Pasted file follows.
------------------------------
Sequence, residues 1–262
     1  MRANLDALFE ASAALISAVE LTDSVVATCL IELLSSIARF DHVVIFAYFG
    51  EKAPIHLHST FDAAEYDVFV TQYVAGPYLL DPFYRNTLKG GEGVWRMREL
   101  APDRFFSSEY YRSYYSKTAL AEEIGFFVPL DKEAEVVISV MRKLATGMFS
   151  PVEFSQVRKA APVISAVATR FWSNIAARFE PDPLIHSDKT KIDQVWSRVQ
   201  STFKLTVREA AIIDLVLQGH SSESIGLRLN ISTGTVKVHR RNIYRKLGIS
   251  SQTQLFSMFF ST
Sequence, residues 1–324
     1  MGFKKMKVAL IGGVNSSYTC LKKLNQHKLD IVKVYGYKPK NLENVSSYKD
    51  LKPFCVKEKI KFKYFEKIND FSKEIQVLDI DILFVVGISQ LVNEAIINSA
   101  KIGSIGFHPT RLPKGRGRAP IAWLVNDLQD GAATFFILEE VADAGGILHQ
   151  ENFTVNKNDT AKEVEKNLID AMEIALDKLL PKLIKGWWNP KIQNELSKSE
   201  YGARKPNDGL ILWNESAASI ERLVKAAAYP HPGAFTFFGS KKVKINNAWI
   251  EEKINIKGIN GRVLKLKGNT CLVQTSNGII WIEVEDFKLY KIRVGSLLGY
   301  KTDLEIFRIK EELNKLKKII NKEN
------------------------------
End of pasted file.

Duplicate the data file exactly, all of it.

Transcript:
Sequence, residues 1–262
     1  MRANLDALFE ASAALISAVE LTDSVVATCL IELLSSIARF DHVVIFAYFG
    51  EKAPIHLHST FDAAEYDVFV TQYVAGPYLL DPFYRNTLKG GEGVWRMREL
   101  APDRFFSSEY YRSYYSKTAL AEEIGFFVPL DKEAEVVISV MRKLATGMFS
   151  PVEFSQVRKA APVISAVATR FWSNIAARFE PDPLIHSDKT KIDQVWSRVQ
   201  STFKLTVREA AIIDLVLQGH SSESIGLRLN ISTGTVKVHR RNIYRKLGIS
   251  SQTQLFSMFF ST
Sequence, residues 1–324
     1  MGFKKMKVAL IGGVNSSYTC LKKLNQHKLD IVKVYGYKPK NLENVSSYKD
    51  LKPFCVKEKI KFKYFEKIND FSKEIQVLDI DILFVVGISQ LVNEAIINSA
   101  KIGSIGFHPT RLPKGRGRAP IAWLVNDLQD GAATFFILEE VADAGGILHQ
   151  ENFTVNKNDT AKEVEKNLID AMEIALDKLL PKLIKGWWNP KIQNELSKSE
   201  YGARKPNDGL ILWNESAASI ERLVKAAAYP HPGAFTFFGS KKVKINNAWI
   251  EEKINIKGIN GRVLKLKGNT CLVQTSNGII WIEVEDFKLY KIRVGSLLGY
   301  KTDLEIFRIK EELNKLKKII NKEN